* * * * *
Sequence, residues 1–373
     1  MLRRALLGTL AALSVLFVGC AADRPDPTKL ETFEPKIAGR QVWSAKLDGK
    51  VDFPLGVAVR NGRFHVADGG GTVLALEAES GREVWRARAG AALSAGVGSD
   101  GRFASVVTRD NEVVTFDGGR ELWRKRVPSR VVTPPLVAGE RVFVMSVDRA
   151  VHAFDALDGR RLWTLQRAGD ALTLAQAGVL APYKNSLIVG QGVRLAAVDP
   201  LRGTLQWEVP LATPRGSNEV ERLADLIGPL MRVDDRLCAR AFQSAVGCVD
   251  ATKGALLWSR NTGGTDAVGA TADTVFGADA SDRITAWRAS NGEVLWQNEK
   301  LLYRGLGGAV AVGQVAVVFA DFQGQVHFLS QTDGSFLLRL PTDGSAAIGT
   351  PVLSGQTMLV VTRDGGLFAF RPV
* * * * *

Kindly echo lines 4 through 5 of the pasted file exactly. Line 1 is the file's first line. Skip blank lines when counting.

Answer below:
   101  GRFASVVTRD NEVVTFDGGR ELWRKRVPSR VVTPPLVAGE RVFVMSVDRA
   151  VHAFDALDGR RLWTLQRAGD ALTLAQAGVL APYKNSLIVG QGVRLAAVDP